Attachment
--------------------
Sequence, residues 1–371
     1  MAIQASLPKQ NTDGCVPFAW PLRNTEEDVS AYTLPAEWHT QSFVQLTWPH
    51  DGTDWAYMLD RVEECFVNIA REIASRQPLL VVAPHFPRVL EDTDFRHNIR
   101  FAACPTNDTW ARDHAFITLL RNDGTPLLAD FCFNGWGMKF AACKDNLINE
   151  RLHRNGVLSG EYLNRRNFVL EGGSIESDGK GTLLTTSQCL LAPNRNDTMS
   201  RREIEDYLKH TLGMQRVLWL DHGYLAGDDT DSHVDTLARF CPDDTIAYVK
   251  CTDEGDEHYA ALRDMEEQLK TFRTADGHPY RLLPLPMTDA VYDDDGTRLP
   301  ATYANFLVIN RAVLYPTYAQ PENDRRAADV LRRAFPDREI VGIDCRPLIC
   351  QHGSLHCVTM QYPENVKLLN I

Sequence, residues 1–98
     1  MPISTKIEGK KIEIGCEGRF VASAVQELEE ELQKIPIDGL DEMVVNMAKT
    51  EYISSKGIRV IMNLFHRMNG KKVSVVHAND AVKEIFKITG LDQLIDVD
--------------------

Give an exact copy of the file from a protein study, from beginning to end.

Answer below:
Sequence, residues 1–371
     1  MAIQASLPKQ NTDGCVPFAW PLRNTEEDVS AYTLPAEWHT QSFVQLTWPH
    51  DGTDWAYMLD RVEECFVNIA REIASRQPLL VVAPHFPRVL EDTDFRHNIR
   101  FAACPTNDTW ARDHAFITLL RNDGTPLLAD FCFNGWGMKF AACKDNLINE
   151  RLHRNGVLSG EYLNRRNFVL EGGSIESDGK GTLLTTSQCL LAPNRNDTMS
   201  RREIEDYLKH TLGMQRVLWL DHGYLAGDDT DSHVDTLARF CPDDTIAYVK
   251  CTDEGDEHYA ALRDMEEQLK TFRTADGHPY RLLPLPMTDA VYDDDGTRLP
   301  ATYANFLVIN RAVLYPTYAQ PENDRRAADV LRRAFPDREI VGIDCRPLIC
   351  QHGSLHCVTM QYPENVKLLN I

Sequence, residues 1–98
     1  MPISTKIEGK KIEIGCEGRF VASAVQELEE ELQKIPIDGL DEMVVNMAKT
    51  EYISSKGIRV IMNLFHRMNG KKVSVVHAND AVKEIFKITG LDQLIDVD